Popcorn Perspectives with Danny Minton – Week of December 9, 2019

Popcorn Perspectives with Danny Minton

Week of December 9, 2019

Once Upon a Time in Hollywood
Rated R for language throughout, some strong graphic violence, drug use, and sexual references
Rotten Tomatoes Score: 85%
Available on Disc and Streaming

One of the big films to beat this awards season is Quentin Tarantino’s 9th movie which explores 1969 Hollywood, and chiefly gives a new spin to what we know about the Manson murders. The film follows a popular star, played by Leonardo DiCaprio, who spends most of his time with his friend and stunt man, Brad Pitt, as he tries to cling on to whatever success he can muster up. The story is wildly all over the place, but when it comes together at the end, it does so in such a beautiful manner that it leaves you with a fantastic experience. It’s like a crazy recipe with ingredients that shouldn’t mix, providing an unbelievable and unforgettable meal. DiCaprio is at the top of his game here in the lead, but Brad Pitt steals the show in a role that is almost certain to win him an Oscar for best supporting actor. There are many who had problems with the last act due to its complete lack of historical accuracy, but I love the brave and brilliant approach Tarantino takes and found myself having way more fun than I signed up for. After all, I went in thinking this was a movie about the Manson family and left smiling after a barrage of hysterical comedy and thrilling surprises. This is certainly one of QT’s best projects to date and one he will be known for for decades to come. A+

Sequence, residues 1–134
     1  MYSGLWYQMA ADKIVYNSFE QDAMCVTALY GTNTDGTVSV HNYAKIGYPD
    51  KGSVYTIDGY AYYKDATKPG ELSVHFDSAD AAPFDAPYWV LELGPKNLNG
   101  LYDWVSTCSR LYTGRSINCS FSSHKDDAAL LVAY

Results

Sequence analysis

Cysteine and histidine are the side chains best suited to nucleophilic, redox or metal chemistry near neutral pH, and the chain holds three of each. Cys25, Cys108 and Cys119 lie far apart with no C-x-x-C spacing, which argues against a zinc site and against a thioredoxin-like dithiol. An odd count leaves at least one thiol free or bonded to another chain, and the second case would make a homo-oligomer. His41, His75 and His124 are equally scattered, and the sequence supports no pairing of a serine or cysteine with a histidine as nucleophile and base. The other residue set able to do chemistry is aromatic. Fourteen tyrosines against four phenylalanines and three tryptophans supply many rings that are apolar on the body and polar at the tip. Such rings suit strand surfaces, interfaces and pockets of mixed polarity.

Freaks
Rated NR for violence and some language
Rotten Tomatoes Score: 88%
Available on Disc and Streaming

This indie horror sci-fi film follows a young girl who has been locked inside of her house, protected by her father (Emile Hirsch), who has never allowed her to step outside. But as you journey into the story, you discover that the father is not just paranoid, but rather the outside world isn’t what it seems and deadly dangers lurk everywhere. What starts out as just weird tale full of paranoia, turns into a slick and unique little sci-fi pic. Helping the project is the talented cast including Hirsch and Bruce Dern who both elevate the project into being extremely watchable for those fans of the genre. The story is a bit hard to follow, but it is certainly engaging and interesting, even if its peculiarities abound. B-

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